Second attempt at judicial inquiry into LRT defeated at council
Workers wearing a hard hats from train manufacturer Alstom work among evidence markers laid on the tracks Monday, Sept. 20, 2021 after an OC Transpo O-Train derailed west of Tremblay LRT Station on Sunday in Ottawa. (Justin Tang /THE CANADIAN PRESS)
OTTAWA -- Ottawa city council has voted against holding a judicial inquiry into the city's light rail transit system following a second attempt by Coun. Catherine McKenney to seek an inquiry.
The motion was defeated by a vote 13 nays to 10 yeas, a slightly tighter vote compared to the 14 to 9 vote in favour of an auditor general's report into the LRT on Oct. 13, which was moved as a replacement motion to McKenney's first attempt to seek an inquiry.
The debate centered on the main differences between a judicial inquiry and an AG's report, the principal difference being that a judicial inquiry would be public, while the auditor general would have the authority to provide anonymity to witnesses.
Auditor General Nathalie Gougeon assured councillors that the work approved on Oct. 13 has already begun and that a final report would be made public.
"That being said, you may not know where the information came from. If we have a particular staff member who gave us information that helps support a finding, you may not necessarily know where that's come from," Gougeon said.
"That could be the difference between our audit and a judicial inquiry. There is certain information we choose not to include in a report in order to protect anonymity. We want to make sure individuals feel comfortable coming forward to us, especially if, for some reasons, they would feel their employment could be in jeopardy, for example."
The audit will focus on two main areas. The first is activities relating to the award, construction and "go live" of Stage 1 of LRT to ensure they were undertaken with the appropriate transparency, due diligence and oversight. The second audit is looking at the effectiveness of operation and maintenance.
"Both these areas of focus are going to be further defined during the planning phases," Gougeon said. "Even those two audits, we are looking at ways to further break them down in order to come back to council in a timely manner and hopefully have lessons that can be applied to Stage 2 as soon as possible and down the road to Stage 3 and other stages if they arise."
Gougeon said at least part of her audit could be completed by June.
In their final pitch to colleagues, McKenney urged councillors to vote in favour of the motion, saying the problems with the LRT are not limited to the recent troubles on the line.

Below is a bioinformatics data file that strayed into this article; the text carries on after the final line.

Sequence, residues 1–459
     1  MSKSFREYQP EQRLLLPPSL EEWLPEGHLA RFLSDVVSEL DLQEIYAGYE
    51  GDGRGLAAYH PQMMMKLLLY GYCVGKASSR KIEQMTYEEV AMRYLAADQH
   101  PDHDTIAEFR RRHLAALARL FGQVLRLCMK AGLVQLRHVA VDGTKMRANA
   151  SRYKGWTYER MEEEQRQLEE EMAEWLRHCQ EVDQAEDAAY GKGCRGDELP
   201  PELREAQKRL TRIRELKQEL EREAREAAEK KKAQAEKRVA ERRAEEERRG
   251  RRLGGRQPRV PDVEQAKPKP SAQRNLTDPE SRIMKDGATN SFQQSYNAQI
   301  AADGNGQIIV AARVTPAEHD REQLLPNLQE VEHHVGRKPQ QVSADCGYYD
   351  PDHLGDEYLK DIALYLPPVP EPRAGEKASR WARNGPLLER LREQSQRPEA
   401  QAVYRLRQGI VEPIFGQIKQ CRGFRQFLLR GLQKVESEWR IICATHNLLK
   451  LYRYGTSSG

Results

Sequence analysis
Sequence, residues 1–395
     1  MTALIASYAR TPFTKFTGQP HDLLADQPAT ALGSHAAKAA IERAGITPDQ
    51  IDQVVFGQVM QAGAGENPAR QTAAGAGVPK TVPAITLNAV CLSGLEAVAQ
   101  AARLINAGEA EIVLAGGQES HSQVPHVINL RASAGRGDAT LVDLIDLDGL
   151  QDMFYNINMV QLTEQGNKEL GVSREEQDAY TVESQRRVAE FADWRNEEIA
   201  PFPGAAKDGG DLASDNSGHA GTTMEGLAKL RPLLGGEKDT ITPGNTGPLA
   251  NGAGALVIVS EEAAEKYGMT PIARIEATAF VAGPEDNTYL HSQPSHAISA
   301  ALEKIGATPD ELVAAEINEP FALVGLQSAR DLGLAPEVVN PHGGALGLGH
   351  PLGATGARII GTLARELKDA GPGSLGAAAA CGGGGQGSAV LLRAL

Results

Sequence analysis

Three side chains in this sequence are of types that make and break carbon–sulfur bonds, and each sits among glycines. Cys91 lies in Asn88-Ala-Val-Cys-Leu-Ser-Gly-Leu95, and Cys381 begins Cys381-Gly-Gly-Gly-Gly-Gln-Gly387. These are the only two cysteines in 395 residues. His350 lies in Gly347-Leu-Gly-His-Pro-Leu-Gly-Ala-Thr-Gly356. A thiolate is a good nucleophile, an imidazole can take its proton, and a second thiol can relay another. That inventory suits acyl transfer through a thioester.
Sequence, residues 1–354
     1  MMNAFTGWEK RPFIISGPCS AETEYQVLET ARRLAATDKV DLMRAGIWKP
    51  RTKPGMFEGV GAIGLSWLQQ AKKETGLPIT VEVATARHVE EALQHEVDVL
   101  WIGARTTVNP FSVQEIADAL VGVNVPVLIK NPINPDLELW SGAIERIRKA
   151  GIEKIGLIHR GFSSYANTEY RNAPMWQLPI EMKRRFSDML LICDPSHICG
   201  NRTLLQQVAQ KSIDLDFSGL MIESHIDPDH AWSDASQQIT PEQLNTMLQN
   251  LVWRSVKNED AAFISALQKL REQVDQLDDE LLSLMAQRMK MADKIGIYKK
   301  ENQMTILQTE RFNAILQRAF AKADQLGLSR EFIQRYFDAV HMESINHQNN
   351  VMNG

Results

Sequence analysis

"Something has gone terribly, terribly wrong. It's not just bad luck and it's not just bad maintenance," McKenney said. "It started days after it launched. The maintenance is awful, but it goes back long before. It is a system that has been dysfunctional from day one."
Mayor Jim Watson said he would not change his vote, arguing instead that the auditor general's work would be more effective and less costly than a judicial inquiry.
"I believe that all members of council want a greater degree of accountability for the initial and ongoing failures of RTG, RTM and Alstom to deliver what taxpayers have paid to date," he said. "I, for one, continue to believe that a focused investigation by the independent auditor general, which is likely to cost much less than a judicial inquiry, which will take less time to secure the findings, is the route to go. If the AG discovers something that is wrongdoing, she has a duty to report such a finding."
Following the vote, Coun. Diane Deans tweeted that the failure to secure a judicial inquiry was one of council's "biggest failures" of the term.
McKenney called the vote "disappointing."
The debate came 52 days after a derailment on Sept. 19 forced the line to shut down completely. The City of Ottawa said Tuesday afternoon that partial service is expected to be restored on Friday.
The Sept. 19 derailment came six weeks after a derailment on Aug. 8. Earlier this month, the Transportation Safety Board of Canada said the train car that derailed had been held for repairs following the Aug. 8 derailment but derailed five days after being released.
The TSB blamed "inconsistent and incomplete maintenance of safety-critical components" for the derailment. The TSB said bolts connected to the gearbox were not adequately torqued during maintenance, which led to the gearbox to drop, damaging the train and several hundred metres of tracks before it stopped west of Riverside Drive.
The Confederation Line LRT has been in operation for just over two years. In addition to the two recent derailments, the train experienced problems within weeks of launch, including stuck doors, wheel flats and cracks, braking issues, and frozen switch heaters. Many of these issues were addressed in 2020, often requiring full line shut downs for several days at a time. City staff have said service availability was very high in the months leading up to the Aug. 8 derailment.
- Allan Hubley – No
- Mathieu Fleury – Yes
- Keith Egli – No
- Diane Deans – Yes
- Glen Gower – No
- Tim Tierney – No
- Rawlson King – Yes
- Jean Cloutier – No
- Shawn Menard – Yes
- Jeff Lieper – Yes
- Jan Harder – No
- Eli El-Chantiry – No
- Matt Luloff – No
- Scott Moffatt – No
- Theresa Kavanagh – Yes
- George Darouze – No
- Rick Chiarelli – Yes
- Riley Brockington – Yes
- Carol Anne Meehan – Yes
- Catherine McKenney – Yes
- Catherine Kitts – No
- Laura Dudas – No
- Jim Watson – No
Total: 10 yeas, 13 nays